Again, this seemed to make our opponents (Scally in particular) quite defensive. Afterwards he was anxious to tell me that he had never used the word "sabotage". I accepted this (it would have been rude not to) but someone used the word. After all, it was a direct quote used by the BBC in the headline of its report (Plain cigarette packet 'sabotage' claim). Scally was featured in the report so if the word "sabotage" didn't come from him, where did it come from?

One more thing. In the course of the debate Chris and I discovered that anti-smoking activists like Gabriel Scally find it really, really irritating to be labelled the "tobacco control industry". I'll remember that in future.

More significant, perhaps, was the confession – elicited by a member of the audience – that there is no end to this nanny state nonsense. After tobacco it will be something else. Scally, in particular, didn't deny it. This 'revelation' seemed to surprise some members of the audience and it marked the moment when I felt the tide begin to turn, ever so slightly, in our favour despite the very best efforts of the tobacco control cheerleaders in the audience.

Of course, you don't expect people to change their minds at events like this. People usually leave with the same opinions that they had at the beginning. Interestingly however one member of the audience told me afterwards that before the debate he was in favour of plain packaging but he was now against it because he found our opponents (Scally in particular) too aggressive.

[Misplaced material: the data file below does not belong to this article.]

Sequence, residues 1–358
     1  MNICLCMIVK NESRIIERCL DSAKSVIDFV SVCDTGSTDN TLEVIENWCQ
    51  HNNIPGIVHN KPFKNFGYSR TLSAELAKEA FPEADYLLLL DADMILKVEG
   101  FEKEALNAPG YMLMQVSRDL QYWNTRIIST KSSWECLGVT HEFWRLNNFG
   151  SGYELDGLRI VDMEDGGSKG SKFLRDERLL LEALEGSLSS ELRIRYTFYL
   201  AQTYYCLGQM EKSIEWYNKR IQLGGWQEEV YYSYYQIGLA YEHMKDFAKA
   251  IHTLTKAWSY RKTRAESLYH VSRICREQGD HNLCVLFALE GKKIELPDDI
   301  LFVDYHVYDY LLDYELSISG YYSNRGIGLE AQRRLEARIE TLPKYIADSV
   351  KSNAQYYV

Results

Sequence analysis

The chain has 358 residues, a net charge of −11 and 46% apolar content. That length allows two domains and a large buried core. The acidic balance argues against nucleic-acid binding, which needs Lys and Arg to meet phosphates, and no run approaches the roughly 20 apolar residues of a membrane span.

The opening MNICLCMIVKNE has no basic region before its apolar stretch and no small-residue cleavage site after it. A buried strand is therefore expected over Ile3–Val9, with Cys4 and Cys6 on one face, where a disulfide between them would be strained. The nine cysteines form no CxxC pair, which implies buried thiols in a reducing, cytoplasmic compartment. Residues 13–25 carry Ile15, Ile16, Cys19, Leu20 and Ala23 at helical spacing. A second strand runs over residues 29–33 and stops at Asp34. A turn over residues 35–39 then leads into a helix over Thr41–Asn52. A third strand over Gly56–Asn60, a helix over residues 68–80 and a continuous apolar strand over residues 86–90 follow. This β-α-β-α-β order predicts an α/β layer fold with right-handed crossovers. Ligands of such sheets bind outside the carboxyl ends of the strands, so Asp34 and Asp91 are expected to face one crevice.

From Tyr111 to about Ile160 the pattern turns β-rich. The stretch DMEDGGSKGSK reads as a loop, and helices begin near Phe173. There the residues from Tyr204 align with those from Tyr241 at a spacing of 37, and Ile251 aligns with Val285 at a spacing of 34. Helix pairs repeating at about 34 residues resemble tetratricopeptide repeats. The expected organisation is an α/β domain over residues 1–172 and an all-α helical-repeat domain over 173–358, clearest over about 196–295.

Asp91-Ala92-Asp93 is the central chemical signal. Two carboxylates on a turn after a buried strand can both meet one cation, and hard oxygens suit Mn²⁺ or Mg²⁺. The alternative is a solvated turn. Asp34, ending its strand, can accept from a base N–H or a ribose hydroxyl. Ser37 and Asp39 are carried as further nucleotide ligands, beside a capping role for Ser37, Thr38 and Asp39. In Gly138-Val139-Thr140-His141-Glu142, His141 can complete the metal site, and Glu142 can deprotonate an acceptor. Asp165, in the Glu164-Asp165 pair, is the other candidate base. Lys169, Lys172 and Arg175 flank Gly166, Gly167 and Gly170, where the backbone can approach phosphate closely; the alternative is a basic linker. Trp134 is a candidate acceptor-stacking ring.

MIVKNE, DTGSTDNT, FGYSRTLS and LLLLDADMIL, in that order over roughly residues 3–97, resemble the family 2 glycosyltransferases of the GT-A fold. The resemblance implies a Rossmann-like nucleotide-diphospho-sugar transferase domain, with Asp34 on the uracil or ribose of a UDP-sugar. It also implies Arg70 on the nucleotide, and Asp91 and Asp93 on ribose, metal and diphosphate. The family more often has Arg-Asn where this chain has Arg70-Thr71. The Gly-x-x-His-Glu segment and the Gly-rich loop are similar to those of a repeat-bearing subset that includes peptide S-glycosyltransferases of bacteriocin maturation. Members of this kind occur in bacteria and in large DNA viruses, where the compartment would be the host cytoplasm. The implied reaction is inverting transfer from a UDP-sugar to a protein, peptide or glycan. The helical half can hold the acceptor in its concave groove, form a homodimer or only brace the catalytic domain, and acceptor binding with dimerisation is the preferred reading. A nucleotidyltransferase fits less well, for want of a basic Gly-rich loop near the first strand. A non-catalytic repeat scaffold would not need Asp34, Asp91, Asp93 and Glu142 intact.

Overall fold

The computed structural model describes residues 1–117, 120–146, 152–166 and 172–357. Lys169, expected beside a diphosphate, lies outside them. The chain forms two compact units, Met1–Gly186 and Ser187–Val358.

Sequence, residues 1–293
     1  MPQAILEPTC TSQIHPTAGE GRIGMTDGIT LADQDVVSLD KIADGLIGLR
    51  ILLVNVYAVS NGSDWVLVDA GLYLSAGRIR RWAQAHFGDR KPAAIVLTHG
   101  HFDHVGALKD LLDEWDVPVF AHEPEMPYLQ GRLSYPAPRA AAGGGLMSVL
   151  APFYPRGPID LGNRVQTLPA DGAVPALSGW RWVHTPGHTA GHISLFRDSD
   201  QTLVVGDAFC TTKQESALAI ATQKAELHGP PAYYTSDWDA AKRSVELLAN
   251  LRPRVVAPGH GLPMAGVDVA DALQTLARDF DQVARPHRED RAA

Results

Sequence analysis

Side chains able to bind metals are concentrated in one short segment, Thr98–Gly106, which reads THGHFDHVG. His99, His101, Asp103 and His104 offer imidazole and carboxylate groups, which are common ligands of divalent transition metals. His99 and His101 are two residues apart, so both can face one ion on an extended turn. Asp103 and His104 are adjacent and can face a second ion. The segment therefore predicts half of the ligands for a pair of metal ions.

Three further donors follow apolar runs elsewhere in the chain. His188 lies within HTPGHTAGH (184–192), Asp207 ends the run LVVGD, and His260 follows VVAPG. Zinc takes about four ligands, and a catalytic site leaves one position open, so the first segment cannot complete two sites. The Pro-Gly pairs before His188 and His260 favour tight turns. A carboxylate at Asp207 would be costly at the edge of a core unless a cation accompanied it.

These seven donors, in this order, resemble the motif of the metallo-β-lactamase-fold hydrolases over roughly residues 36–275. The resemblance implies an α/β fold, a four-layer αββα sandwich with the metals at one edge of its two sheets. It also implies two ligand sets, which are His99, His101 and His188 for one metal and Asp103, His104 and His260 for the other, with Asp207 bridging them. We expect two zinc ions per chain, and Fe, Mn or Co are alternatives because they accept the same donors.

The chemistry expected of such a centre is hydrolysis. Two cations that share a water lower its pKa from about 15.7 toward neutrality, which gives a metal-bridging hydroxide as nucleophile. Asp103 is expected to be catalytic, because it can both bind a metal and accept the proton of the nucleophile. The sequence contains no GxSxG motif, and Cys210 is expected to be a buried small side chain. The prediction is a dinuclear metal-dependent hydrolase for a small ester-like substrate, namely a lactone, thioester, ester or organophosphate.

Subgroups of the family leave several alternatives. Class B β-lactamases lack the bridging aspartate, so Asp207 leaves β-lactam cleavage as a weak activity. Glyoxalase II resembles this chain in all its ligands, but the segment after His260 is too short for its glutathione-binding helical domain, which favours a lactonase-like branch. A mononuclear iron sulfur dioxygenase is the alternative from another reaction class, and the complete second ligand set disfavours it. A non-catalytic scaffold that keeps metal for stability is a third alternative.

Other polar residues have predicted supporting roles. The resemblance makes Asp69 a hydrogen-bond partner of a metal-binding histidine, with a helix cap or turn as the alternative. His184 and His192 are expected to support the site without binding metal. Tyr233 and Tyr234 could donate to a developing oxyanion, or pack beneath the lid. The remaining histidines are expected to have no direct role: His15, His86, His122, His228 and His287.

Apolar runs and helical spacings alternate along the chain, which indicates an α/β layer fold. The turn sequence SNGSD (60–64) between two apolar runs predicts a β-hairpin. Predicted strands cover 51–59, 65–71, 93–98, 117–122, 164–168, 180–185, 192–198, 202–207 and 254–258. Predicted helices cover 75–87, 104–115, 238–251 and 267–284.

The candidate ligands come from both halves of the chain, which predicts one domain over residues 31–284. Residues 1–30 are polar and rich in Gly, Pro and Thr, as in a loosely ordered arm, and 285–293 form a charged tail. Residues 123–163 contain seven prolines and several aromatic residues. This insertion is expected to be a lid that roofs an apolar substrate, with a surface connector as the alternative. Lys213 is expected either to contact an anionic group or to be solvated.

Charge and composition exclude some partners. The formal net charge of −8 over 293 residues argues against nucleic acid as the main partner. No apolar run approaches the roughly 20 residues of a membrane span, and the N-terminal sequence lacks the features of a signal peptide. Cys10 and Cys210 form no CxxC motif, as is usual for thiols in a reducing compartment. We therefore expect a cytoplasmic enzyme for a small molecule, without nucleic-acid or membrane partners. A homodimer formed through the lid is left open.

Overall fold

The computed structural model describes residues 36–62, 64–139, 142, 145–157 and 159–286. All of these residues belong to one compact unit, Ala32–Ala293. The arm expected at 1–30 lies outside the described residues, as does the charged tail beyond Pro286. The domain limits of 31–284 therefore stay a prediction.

Scally's attitude reminds me of Professor Simon Chapman, the Australian anti-tobacco campaigner. Like Chapman, this is a man with a powerful ego who seems to live in a bubble surrounded by like-minded activists. He therefore believes that people who disagree with him must be stooges of Big Tobacco or what Williams more humorously calls the "forces of darkness".

Fair play, incidentally, to Stephen Williams. He said he would debate with Forest if we could find an independent third party to host the event. We did and he stuck to his word. I may disagree with his views on tobacco control but I give him credit for that.

Before I forget I would like to thank Helen Skinner and Jennifer Salisbury-Jones who made the event possible. Helen founded the Freedom Society at Bristol University (Jennifer will keep it going after Helen graduates in the summer) and it was following a talk I gave to a handful of members in February that they approached the Debating Union and suggested a discussion about plain packaging.

The Debating Union, led by Will Moulding, ran with the idea but it was Helen who encouraged them to invite Stephen Williams.

I am also indebted to plain pack supporter Suzi Gage for a series of live tweets on the debate. Here's a taste of what she tweeted while Scally and I were speaking:

I particularly liked her correspondence with Dick Puddlecote on the subject of Forest paying for the pre-debate drinks:

Last but not least, can someone – Chris Snowdon, perhaps – tell me what the following tweet is about? Did I miss something?

Oh, and here's something else I missed: